My work is in the studio – which means we make (not take) pictures.  We set things up, and use lights.  Clients tell us specific things they need, and we try to solve their problems.  It requires a lot of people skills and problem solving skills.  We work with a lot of helpers:  assistants, food stylists, art directors, prop and background people, digital retouchers.

Other careers in photography – a random list:  fine-art photographer, selling pictures people would hang on their wall; portrait and/or wedding photog; newspaper photojournalist; sports photog; photog on staff of a big company, for example a hospital or manufacturing company; police (forensic) photographer; still photographer for the movie and TV business, etc etc.  There are also careers in photography that are not actually taking pictures, but working with them — for example, I have a studio manager here who runs the business and answers client requests; also you could be a photoshop retoucher; or work in an archive and be a photo researcher; or work on a magazine and be a photo editor.

Sorry, I don’t mean to overwhelm you, but just get you thinking about all the different paths.  Now, to be practical, I think you could try to contact some local businesses and ask politely if you could spend a day just observing, and shadowing, and be honest and tell them you’re considering a career and want to find out what’s involved.  The worst that can happen is they might say no.  But we do have this here, and I have people come to visit.  Maybe you can tell them that this is for a high-school project that you are initiating.  It’ll show them you are a go-getter and they should be impressed.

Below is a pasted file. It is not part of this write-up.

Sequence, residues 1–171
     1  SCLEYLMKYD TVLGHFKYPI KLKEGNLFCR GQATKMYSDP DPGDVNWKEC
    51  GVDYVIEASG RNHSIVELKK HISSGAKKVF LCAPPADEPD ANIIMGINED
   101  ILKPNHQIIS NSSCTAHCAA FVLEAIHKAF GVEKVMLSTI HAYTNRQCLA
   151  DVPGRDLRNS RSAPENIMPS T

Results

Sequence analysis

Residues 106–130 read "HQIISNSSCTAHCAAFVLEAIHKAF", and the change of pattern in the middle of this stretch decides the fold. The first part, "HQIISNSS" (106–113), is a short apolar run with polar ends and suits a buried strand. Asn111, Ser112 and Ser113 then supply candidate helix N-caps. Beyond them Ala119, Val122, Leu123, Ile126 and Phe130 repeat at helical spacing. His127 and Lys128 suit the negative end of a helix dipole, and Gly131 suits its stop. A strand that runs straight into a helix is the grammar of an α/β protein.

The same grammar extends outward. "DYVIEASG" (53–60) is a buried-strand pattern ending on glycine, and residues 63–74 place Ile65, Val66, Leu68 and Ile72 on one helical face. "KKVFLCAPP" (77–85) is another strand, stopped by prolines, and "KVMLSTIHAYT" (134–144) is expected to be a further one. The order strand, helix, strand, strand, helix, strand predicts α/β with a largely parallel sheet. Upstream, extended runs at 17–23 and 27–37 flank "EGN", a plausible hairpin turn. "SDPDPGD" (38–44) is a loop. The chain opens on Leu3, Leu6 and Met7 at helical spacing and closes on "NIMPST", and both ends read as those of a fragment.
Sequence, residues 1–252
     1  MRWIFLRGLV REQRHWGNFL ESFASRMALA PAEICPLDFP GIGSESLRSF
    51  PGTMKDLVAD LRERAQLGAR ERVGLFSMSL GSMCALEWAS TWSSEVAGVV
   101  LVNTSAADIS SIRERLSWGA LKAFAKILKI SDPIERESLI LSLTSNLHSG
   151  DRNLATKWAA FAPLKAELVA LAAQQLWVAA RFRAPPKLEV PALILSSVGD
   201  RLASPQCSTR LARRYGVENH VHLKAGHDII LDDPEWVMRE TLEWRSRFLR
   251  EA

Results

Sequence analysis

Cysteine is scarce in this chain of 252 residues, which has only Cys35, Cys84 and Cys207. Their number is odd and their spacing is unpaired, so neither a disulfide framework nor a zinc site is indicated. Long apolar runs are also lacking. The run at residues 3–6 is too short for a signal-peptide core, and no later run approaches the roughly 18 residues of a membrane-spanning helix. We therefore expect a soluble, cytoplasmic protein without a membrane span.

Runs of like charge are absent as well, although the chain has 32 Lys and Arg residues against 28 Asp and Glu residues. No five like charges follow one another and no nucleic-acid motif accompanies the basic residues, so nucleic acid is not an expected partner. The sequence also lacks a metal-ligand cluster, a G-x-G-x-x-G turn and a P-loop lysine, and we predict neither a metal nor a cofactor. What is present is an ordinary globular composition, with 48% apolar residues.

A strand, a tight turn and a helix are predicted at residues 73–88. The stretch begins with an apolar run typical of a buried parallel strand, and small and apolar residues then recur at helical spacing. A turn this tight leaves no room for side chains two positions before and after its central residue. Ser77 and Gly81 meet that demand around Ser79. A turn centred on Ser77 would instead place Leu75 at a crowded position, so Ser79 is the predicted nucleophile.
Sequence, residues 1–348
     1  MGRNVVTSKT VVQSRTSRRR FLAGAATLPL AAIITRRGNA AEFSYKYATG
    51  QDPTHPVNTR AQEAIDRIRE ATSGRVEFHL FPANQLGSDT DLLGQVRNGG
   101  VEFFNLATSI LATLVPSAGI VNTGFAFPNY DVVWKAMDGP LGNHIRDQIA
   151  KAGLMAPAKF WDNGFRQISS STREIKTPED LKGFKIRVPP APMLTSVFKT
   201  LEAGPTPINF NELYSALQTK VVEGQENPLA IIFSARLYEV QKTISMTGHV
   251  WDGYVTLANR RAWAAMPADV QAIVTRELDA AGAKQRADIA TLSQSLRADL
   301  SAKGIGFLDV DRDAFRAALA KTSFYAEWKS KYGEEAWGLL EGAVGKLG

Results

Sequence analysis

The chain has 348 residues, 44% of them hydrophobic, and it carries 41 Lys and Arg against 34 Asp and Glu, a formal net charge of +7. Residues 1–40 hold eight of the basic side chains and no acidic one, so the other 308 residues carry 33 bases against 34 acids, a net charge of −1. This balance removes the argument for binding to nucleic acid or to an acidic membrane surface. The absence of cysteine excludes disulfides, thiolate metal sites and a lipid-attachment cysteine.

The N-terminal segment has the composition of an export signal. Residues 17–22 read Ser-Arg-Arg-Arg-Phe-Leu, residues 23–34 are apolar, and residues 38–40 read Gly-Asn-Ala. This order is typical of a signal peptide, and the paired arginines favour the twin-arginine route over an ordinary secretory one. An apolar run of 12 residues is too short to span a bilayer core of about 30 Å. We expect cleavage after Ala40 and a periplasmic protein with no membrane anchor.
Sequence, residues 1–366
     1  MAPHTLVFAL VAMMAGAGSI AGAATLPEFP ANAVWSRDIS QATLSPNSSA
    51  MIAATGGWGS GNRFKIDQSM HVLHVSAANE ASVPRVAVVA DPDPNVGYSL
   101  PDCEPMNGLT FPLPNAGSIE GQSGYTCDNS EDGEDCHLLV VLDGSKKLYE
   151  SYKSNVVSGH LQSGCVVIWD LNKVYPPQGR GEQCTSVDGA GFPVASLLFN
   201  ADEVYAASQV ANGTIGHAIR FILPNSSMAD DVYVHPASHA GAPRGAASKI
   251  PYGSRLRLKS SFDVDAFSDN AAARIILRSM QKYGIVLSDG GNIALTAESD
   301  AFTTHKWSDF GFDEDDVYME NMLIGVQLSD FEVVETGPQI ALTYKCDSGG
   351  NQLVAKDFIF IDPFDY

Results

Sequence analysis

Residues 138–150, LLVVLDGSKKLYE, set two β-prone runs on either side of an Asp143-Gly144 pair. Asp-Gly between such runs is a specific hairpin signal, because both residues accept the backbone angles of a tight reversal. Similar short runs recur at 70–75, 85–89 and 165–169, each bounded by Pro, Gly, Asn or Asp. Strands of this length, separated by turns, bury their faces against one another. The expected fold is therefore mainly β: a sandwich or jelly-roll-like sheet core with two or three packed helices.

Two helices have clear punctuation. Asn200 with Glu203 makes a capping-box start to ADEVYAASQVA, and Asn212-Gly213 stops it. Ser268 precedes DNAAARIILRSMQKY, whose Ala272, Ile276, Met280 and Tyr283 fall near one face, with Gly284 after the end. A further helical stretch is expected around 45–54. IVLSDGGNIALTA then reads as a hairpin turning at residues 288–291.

As far as cameras and equipment, I really don’t want to say much because as you probably know, it’s the photographer, not the equipment, that makes the picture.  If you have something now that you use and like, stay with it.  At least for now.  But I think at some point it will be important to learn photoshop, and to learn the basic principles of lighting.

So — what to do?  After you get the visits above, hopefully you will have a better idea of all the different options.  Then, it might be time to start thinking about formal training.  I believe (maybe I’m in the minority) that people need to have a broad liberal education, so they know about the world and not just about cameras and f-stops!  You’ll be a better photog if you are well educated.  Having said that, look for programs that have good photo departments.  You probably have a little time before this if you are 16.  But you COULD take a photoshop class at a local college or continuing ed school, and also you could take a class in photography – one that includes basic lighting and studio work.  Also, there is a very good place in Santa Fe where they have excellent week-long resident workshops, mostly in the summer.  But I’m sure there are places at home too.

OK – one last thing.  (This might be the discouraging part)  The photo schools turn out tons of young photogs every year, and they enter the market with big hopes and dreams, but they find out that the business is hard.  We have a bad economy.  We have lots of photogs chasing after not so many jobs.  It is hard to get started in the business.  You will have a lot of competition.  So – don’t go into this unless it’s because you absolutely LOVE photography.  It’s not glamorous, and it’s gonna be hard work.  Unfortunately, I have many colleagues who are having to supplement their income with other jobs.  I am in the minority in that we are doing well.  So — just think about all this.

One other idea:  look into the local chapter of ASMP (www.asmp.org)  They have meetings.  You will be on the young side, but it’ll be interesting.

I would be glad to talk some more, and if you come to Boston you can definitely visit!